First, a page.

With wedding season ramping up, I’ve had some time to reflect on what the goal of a wedding is, or at least in my estimation, should be. I share this with other pastors as a word of advice. I share this with engaged couples as a source of recommendation when deciding on what matters most in their wedding ceremony. I share this with family and friends attending weddings to highlight things that might be easily overlooked in the formality of such a wonderful event.

A Reflection of the Couple

Many ceremonies are similar in that there are several sections, such as the statement of intent, the marriage vows, and the exchange of rings, which have a familiar wording and flow to them. However, from small things such as the choosing of a venue or the invitation list, to bigger things, such as the wording of the marriage vows or whether to do a symbolic activity representing two becoming one, each of these give the couple a chance to show who they are.

As a pastor this means encouraging each couple to consider what Scripture passages hold significance to the couple, it also means getting to know the couple so the words you have to share with them are specifically for them. For couples getting married, make sure you choose a wedding that fits you, not the expectations others have.

A Focus on God’s Word

A good wedding ceremony includes a variety of Scripture, not just a token Scripture thrown in by the pastor. I often encourage couples to have a family member read a Scripture passage of significance to them, and I try to include one or two separate passages in my homily to the couple.

This focus on God’s Word goes beyond the importance of Scripture to the elevation of Christ as a person of significance in the coming together of husband and wife. Several years ago following a wedding ceremony I officiated over, I had a family member of the bride and groom say to me, “I’ve never heard the name Jesus said so many times at a wedding.” I’m not sure if he was frustrated or joyous, but I took it as a compliment. If a marriage is to succeed it will be to the credit of Christ at work.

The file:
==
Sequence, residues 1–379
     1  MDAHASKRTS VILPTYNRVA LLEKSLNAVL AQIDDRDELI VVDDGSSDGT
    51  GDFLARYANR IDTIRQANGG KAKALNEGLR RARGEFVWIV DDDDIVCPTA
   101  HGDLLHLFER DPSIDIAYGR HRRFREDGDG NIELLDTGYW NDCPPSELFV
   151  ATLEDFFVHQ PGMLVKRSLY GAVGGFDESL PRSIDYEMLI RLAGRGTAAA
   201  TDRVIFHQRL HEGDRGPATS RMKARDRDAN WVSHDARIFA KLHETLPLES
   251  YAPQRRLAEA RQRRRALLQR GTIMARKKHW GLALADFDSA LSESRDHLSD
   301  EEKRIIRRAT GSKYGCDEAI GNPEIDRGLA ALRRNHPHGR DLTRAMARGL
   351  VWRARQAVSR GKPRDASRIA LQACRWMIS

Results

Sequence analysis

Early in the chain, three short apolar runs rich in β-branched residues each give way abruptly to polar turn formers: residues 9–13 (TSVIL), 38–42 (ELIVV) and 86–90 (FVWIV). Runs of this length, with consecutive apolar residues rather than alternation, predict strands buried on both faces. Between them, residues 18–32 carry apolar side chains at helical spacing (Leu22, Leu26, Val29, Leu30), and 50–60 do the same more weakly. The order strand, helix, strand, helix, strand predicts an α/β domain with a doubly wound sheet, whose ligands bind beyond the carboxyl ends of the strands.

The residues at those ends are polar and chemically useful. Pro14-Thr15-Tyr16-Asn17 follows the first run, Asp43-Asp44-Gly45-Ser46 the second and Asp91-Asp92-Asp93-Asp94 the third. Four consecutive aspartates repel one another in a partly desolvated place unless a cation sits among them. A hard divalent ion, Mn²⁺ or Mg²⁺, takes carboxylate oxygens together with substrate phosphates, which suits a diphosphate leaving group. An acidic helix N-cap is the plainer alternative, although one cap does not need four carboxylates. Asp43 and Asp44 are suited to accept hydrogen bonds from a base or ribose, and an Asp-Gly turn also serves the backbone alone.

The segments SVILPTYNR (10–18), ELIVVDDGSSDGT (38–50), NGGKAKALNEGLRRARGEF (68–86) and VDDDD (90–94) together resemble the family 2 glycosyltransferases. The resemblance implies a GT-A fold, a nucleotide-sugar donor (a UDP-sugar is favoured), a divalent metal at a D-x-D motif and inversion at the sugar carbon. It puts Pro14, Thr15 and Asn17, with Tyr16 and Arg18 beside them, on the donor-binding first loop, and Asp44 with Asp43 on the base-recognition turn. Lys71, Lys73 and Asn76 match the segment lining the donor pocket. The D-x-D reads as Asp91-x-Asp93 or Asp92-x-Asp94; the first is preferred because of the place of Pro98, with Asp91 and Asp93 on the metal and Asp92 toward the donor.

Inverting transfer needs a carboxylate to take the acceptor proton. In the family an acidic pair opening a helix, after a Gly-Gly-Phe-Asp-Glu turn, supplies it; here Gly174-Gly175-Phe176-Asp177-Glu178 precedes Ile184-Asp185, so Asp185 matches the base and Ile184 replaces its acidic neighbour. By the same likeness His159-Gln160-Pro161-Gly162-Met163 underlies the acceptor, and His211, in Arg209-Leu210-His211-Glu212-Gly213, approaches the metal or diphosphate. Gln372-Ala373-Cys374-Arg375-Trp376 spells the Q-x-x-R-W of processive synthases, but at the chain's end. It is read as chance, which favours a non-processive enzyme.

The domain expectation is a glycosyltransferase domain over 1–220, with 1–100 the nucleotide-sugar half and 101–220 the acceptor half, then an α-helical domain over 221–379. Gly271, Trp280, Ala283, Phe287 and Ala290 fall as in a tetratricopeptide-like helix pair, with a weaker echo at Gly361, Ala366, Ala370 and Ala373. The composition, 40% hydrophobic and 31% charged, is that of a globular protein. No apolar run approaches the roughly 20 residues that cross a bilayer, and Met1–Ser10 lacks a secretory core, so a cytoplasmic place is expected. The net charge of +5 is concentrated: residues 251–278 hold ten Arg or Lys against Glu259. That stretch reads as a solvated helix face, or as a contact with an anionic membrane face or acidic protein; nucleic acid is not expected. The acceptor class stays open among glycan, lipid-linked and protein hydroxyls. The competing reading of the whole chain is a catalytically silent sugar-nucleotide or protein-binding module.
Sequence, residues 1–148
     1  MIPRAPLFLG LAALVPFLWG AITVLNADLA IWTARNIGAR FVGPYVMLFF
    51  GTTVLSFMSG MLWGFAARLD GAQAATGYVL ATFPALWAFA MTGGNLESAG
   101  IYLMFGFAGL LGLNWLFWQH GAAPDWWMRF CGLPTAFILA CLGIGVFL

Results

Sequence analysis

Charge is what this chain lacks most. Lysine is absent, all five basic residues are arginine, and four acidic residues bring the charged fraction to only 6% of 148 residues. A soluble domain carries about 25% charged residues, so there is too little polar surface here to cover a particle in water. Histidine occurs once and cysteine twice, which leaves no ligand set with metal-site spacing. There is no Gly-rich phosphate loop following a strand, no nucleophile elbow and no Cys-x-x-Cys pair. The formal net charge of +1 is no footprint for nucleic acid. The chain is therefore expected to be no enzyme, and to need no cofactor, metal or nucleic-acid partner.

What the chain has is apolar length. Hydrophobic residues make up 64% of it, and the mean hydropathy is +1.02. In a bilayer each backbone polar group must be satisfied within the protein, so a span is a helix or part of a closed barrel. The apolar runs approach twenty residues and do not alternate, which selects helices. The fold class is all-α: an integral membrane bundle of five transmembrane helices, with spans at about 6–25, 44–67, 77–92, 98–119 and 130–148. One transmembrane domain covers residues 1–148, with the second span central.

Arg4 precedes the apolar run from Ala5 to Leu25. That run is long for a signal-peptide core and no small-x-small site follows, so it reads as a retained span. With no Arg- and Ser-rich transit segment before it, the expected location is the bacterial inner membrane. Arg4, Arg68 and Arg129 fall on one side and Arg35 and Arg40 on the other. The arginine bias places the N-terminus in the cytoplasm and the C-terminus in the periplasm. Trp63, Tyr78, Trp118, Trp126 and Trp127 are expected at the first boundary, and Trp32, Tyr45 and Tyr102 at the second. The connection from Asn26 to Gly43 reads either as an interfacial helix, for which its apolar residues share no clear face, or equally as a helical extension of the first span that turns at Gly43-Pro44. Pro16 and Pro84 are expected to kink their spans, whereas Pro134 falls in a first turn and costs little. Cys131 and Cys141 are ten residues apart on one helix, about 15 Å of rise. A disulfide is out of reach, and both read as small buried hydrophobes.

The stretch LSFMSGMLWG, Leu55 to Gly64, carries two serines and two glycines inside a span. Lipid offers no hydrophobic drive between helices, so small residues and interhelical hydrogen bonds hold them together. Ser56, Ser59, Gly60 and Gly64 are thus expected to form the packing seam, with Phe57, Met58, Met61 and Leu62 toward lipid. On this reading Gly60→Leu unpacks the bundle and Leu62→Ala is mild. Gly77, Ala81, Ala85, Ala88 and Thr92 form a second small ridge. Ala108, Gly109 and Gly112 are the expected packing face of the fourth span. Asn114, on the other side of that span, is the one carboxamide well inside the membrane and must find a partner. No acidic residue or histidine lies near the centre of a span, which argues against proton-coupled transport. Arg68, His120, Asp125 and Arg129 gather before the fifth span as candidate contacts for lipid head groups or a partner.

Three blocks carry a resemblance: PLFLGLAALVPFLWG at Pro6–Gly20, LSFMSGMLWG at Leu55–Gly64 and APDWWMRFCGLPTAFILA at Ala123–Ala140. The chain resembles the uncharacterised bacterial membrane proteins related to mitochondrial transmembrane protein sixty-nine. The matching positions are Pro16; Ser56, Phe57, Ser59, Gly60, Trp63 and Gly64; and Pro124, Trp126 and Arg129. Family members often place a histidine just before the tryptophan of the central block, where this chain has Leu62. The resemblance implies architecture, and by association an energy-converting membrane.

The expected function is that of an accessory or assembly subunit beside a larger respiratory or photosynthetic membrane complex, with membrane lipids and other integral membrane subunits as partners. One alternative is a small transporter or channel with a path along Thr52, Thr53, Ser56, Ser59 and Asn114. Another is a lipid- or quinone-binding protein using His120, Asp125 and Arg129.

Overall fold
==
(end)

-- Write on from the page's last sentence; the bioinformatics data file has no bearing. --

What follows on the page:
A Reminder of What Marriage Actually Is

I know this might be a shock to some but the goal of a wedding ceremony is not exclusively surrounding the bride and groom. Though they are the main characters in the story being told at the ceremony, the announcement of their marriage points to an even greater reality of Christ longing to be one with His bride, the church. Paul speaks to this in Ephesians 5, when after describing the role of a husband and a wife he says, “This is a profound mystery—but I am talking about Christ and the church” (Eph. 5:32).

All that talk about husband and wife and marriage? Paul says it was really highlighting Christ and the church. A good wedding ceremony does this as well, pointing the bride and groom, and their family and friends, to recognize they have an example and foundation for how to love each other (as Christ loved the church) in marriage.

Weddings should be about more than centerpieces, gowns, and seating arrangements because they speak to the divine love God has for us all.

While all wedding ceremonies are different, the best wedding ceremonies present the personality of the couple, focus on God’s Word, and provide a reminder of what marriage actually is. These should be the goals of each bride and groom when discussing their wedding ceremony, and they should be the goals those surrounding the couple encourage them to pursue.

Whether you are officiating, getting married, or just attending the wedding of a dear friend, look out for the ways a wedding highlights these goals.

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The Best Quotes from A Failure of Nerve by Edwin Friedman